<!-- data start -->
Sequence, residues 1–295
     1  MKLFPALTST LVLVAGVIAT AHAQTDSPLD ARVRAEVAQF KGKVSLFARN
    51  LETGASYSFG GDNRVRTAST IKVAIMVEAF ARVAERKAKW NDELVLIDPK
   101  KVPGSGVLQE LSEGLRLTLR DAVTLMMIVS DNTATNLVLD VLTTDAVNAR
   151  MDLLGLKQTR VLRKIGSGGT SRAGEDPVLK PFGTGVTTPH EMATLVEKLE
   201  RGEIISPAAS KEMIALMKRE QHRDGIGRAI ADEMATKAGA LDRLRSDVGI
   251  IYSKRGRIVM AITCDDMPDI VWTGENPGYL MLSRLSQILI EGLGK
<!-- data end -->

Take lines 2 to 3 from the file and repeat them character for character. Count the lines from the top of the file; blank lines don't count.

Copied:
     1  MKLFPALTST LVLVAGVIAT AHAQTDSPLD ARVRAEVAQF KGKVSLFARN
    51  LETGASYSFG GDNRVRTAST IKVAIMVEAF ARVAERKAKW NDELVLIDPK